No matter what they do, how bizarre they get, how annoying they can be, we love them with all our hearts. Parenting is the best thing that can happen. They’ll keep you entertained non-stop. When they grow up and become independent, you’ll look back and smile. You’ll miss them. So, enjoy your parenting while you can!

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                  Featured photo credit: Rolfe Kolbe via imcreator.com

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                  Published on January 30, 2019

                  How to Support a Working Mother as a Working Father

                  How to Support a Working Mother as a Working Father

                  In roughly 60 percent of two-parent households with children under the age of 18, both parents work full time. But who takes time off work when the kids are sick in your house? And if you are a manager, how do you react when a man says he needs time to take his baby to the pediatrician?

                  The sad truth is, the default in many companies and families is to value the man’s work over the woman’s—even when there is no significant difference in their professional obligations or compensation. This translates into stereotypes in the workplace that women are the primary caregivers, which can negatively impact women’s success on the job and their upward mobility.

                  According to a Pew Research Center analysis of long-term time-use data (1965–2011), fathers in dual-income couples devote significantly less time than mothers do to child care.[1] Dads are doing more than twice as much housework as they used to (from an average of about four hours per week to about 10 hours), but there is still a significant imbalance.

                  This is not just an issue between spouses; it’s a workplace culture issue. In many offices, it is still taboo for dads to openly express that they have family obligations that need their attention. In contrast, the assumption that moms will be on the front lines of any family crisis is one that runs deep.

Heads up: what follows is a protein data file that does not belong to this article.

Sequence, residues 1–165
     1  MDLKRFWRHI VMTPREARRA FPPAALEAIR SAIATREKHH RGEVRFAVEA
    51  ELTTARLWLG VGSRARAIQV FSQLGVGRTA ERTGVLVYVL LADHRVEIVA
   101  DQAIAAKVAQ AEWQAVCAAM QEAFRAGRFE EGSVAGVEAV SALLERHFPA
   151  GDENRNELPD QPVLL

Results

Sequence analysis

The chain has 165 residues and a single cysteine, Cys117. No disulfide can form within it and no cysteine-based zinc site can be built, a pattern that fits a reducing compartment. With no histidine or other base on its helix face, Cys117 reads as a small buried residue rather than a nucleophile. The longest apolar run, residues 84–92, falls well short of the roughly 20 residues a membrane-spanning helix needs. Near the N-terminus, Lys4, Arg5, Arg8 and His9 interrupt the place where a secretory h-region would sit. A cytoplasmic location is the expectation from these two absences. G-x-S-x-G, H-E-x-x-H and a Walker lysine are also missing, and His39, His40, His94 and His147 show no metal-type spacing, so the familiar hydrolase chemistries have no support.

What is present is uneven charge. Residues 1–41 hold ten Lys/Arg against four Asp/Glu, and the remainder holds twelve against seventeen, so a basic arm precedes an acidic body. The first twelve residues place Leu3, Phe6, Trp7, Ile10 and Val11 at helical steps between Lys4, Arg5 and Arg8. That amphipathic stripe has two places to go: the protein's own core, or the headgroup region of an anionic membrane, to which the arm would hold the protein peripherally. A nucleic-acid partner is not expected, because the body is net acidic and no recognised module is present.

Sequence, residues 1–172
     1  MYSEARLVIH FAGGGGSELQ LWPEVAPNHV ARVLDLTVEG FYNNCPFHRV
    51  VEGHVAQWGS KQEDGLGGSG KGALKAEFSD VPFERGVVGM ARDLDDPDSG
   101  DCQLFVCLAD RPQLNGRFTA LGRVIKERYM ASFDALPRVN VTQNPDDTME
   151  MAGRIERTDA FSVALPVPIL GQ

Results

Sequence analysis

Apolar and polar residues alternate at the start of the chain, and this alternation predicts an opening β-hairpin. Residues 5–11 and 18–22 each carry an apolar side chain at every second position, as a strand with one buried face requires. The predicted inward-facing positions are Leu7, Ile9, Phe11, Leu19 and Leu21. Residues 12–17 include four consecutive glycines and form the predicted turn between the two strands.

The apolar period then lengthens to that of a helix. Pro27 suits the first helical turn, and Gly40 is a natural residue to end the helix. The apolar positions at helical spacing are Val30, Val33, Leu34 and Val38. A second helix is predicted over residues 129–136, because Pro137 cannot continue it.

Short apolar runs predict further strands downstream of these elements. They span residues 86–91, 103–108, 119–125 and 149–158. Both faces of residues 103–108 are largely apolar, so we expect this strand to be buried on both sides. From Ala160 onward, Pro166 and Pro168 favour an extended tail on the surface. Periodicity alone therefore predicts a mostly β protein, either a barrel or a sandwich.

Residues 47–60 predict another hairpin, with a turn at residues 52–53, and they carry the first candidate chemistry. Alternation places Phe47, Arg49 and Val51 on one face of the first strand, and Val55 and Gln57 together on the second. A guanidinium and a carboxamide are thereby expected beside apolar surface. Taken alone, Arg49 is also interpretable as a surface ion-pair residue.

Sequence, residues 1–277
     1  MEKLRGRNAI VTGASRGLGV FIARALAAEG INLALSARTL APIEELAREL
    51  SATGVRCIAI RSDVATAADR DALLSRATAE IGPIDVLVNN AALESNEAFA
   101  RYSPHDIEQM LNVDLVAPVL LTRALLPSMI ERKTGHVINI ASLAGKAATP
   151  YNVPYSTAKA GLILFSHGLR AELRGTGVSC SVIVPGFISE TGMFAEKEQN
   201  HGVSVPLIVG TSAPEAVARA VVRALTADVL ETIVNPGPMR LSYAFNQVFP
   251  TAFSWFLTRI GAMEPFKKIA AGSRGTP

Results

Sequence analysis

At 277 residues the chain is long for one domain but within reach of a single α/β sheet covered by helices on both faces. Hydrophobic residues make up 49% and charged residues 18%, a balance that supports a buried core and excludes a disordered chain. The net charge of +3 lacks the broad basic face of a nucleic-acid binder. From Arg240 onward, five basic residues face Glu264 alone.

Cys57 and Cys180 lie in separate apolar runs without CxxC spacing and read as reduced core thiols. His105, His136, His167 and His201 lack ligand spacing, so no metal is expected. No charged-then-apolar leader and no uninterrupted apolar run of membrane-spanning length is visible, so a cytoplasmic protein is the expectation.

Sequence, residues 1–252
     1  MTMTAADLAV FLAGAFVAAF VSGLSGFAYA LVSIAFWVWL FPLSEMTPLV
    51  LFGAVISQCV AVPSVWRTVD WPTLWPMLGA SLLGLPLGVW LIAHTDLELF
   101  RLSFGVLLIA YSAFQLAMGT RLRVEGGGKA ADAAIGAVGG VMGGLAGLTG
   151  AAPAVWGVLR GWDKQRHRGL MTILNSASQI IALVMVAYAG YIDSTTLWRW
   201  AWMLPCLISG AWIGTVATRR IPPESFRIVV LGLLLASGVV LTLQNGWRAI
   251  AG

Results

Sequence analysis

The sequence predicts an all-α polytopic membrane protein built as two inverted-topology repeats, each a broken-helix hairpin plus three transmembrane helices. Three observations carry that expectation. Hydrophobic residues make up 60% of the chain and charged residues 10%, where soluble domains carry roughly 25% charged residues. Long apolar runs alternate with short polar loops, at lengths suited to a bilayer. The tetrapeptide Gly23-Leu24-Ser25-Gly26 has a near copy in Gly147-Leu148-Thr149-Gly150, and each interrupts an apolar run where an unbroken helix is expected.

Consider an example from my company. A few years back, one of our team members joined us for an off-site meeting soon after returning from maternity leave. Not even two hours into her trip, her husband called to say that the baby had been crying nonstop. While there was little our colleague could practically do to help with the situation, this call was clearly unsettling, and the result was that her attention was divided for the rest of an important business dinner.

                  This was her first night away since the baby’s birth, and I know that her spouse had already been on several business trips before this event. Yet, I doubt she called him during his conferences to ask child-care questions. Like so many moms everywhere, she was expected to figure things out on her own.

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                  The numbers show that this story is far from the exception. In another Pew survey, 47 percent of dual-income parents agreed that the moms take on more of the work when a child gets sick.[2] In addition, 39 percent of working mothers said they had taken a significant amount of time off from work to care for their child compared to just 24 percent of working fathers. Mothers are also more likely than fathers (27 percent to 10 percent) to say they had quit their job at some point for family reasons.

                  Before any amazing stay-at-home-dads post an angry rebuttal comment, I want to be very clear that I am not judging how families choose to divide and conquer their personal and professional responsibilities; that’s 100 percent their prerogative. Rather, I am taking aim at the culture of inequity that persists even when spouses have similar or identical professional responsibilities. This is an important issue for all of us because we are leaving untapped business and human potential on the table.

                  What’s more, I think my fellow men can do a lot about this. For those out there who still privately think that being a good dad just means helping out mom, it’s time to man up. Stop expecting working partners—who have similar professional responsibilities—to bear the majority of the child-care responsibilities as well.

                  Consider these ways to support your working spouse:

                  1. Have higher expectations for yourself as a father; you are a parent, not a babysitter.